Endemic to a small river in India, the dwarf pufferfish may not be as popular as its cousins in the sea. However, there is no denying the fact that it is pretty interesting in itself.
The river Pamba in Kerala, India, is home to the dwarf pufferfish (Carinotetraodon travancoricus); named so because of the fact that it measures less than an inch in length. In fact, it is one of the smallest pufferfish species in the world. The dwarf pufferfish is often mistaken for the dwarf Malabar pufferfish (Carinotetraodon imitator), not just because of the striking physical resemblance between these two, but also because of the resemblance in their name. The dwarf pufferfish is also known as the Malabar pufferfish. Other names for the species include the pea pufferfish and pygmy pufferfish.
There exist quite a few fascinating things about this species. Its eyes, for instance, are black in color, but turn blue when they are exposed to light. More importantly, its eyes are capable of moving independently of each other―a characteristic trait mostly associated with chameleons. It is common to see the fish opening its mouth wide open, as if it were yawning. A dwarf pufferfish may sometimes curl its tail, which might be an indication that it is somehow uncomfortable or suffering from some illness.
Determining the gender of a dwarf pufferfish is quite a challenge, until it has attained maturity. A matured male will bear a dark line that runs down its yellowish belly. Checking for wrinkles behind the eyes, which is the case in male puffers, is another way of differentiating them from female puffers. Additionally, the body shape of females is generally rounder than that of males.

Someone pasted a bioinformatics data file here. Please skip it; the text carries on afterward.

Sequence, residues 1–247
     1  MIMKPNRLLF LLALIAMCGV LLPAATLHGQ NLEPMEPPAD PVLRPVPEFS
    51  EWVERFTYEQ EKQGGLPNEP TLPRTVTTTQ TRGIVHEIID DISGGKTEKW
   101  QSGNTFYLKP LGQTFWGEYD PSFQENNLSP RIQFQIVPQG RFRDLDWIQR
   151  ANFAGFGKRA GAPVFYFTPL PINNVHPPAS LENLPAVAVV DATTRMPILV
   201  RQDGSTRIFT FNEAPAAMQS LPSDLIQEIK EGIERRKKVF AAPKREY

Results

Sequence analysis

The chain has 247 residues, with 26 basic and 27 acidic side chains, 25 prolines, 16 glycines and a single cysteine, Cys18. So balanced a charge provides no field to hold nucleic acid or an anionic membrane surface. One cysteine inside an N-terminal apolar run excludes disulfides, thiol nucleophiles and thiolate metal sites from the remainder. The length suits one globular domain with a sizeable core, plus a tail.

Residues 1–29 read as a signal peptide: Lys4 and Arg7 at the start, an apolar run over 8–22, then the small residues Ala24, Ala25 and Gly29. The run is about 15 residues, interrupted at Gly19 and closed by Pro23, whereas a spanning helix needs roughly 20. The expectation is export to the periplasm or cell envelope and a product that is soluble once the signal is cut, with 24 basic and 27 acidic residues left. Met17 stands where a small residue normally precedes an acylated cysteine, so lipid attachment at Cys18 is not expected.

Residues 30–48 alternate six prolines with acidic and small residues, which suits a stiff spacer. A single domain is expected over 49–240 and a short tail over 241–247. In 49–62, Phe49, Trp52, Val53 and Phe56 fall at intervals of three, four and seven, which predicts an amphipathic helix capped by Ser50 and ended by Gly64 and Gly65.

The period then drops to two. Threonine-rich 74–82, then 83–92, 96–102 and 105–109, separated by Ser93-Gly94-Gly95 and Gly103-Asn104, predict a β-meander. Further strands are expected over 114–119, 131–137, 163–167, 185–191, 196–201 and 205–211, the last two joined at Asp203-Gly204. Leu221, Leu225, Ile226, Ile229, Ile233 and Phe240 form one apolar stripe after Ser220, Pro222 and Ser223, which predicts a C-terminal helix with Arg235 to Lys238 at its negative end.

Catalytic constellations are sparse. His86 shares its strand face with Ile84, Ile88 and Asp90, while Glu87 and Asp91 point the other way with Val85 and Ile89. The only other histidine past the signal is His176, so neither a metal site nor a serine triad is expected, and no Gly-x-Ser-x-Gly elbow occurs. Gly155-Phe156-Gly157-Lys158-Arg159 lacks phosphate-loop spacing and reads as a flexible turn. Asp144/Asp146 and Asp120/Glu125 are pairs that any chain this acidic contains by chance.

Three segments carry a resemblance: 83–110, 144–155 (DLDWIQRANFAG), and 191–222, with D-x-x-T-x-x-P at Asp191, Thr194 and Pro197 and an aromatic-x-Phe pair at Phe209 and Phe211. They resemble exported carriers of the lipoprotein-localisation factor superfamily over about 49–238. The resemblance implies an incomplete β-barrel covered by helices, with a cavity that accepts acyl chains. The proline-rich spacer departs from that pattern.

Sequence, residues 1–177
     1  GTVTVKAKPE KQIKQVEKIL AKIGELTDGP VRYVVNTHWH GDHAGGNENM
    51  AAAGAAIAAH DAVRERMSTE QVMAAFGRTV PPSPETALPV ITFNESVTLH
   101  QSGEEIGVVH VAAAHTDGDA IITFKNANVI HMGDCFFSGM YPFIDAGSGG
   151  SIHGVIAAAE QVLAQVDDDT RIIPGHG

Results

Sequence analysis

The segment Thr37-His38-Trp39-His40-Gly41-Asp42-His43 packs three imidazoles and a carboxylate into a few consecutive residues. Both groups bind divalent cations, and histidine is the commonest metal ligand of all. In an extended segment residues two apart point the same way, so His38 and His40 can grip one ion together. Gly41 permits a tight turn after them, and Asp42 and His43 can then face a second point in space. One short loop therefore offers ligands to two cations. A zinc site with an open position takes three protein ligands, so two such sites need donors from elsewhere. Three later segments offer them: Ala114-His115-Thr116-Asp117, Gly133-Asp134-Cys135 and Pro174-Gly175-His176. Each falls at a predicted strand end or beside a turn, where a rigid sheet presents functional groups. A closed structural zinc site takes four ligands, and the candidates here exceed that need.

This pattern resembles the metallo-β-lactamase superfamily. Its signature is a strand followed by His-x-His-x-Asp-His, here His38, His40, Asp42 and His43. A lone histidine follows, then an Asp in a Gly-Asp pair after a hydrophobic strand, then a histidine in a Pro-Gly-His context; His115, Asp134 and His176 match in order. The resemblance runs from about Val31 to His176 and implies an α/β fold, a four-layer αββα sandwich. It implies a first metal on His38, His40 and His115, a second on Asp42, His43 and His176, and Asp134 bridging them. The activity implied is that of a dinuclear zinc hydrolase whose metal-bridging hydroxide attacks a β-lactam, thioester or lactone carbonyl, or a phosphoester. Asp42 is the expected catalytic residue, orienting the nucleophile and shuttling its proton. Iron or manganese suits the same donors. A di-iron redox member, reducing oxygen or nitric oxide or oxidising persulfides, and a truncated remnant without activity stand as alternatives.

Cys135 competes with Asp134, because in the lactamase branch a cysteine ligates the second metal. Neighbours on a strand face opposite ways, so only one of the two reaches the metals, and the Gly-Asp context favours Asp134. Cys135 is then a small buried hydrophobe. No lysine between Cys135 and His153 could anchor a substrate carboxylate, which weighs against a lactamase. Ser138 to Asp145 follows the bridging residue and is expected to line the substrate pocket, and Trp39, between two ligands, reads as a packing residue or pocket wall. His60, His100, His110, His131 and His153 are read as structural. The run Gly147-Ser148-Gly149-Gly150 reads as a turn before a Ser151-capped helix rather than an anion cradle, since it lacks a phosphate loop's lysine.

As it is obvious from the tiny size of this freshwater fish, the tank need not be huge or so spacious. A 10-gallon tank will be more than enough. The fish might become aggressive in response to the presence of another of its kind, when confined to small spaces. So, 5 gallons per puffer is the general recommendation. Male dwarf pufferfish are known to be aggressive towards other males, especially during mating season. There is no dearth of instances wherein two males of this species have fought to death in captivity. So, it is wise that you keep 2 – 3 females for every male. This way, there will be less rivalry and so, fewer fights.
As far as the water is concerned, the dwarf pufferfish has the ability to thrive in almost all kinds of water. However, you must maintain good conditions in the tank to keep your fish healthy and free from any illness. Water with a temperature of around 81 °F and a pH level of at least 7.0 will be ideal for the species. More importantly, you need to ensure that the ammonia and nitrite levels of the water are always at 0.
As for its diet in captivity, pufferfish will eagerly feed on bloodworms, brine shrimp, mysis shrimp, daphnia, tubifex worms, glass worms, and krill. These foods can be given in frozen form as well, but make sure that you thaw them before you put them in the tank. Live foods that are fancied by the fish include blackworms, brine shrimp, and snails. In fact, snails are your best bet when it comes to dwarf pufferfish diet. So, drop a live snail in the tank and have some fun watching your little puffer hunt it down!
At times, you will notice that your pet pufferfish will just not eat anything; no matter what you try to feed it. This is especially the case with the specimen caught in the wild and introduced in the aquarium. For them, prepared foods just do not fit the bill. So, for the first few days, your fish may not be comfortable with the foods you are providing it. Eventually though, it will grow out of its shyness and get used to the food.
Diseases which are commonly diagnosed in this species include ich (a common protozoan disease that is often called ‘white spot disease’), fungal infections, bacterial infections, and internal parasites. Medicines that help in the treatment of these conditions do exist, but before you put them to use, you should consult a veterinarian.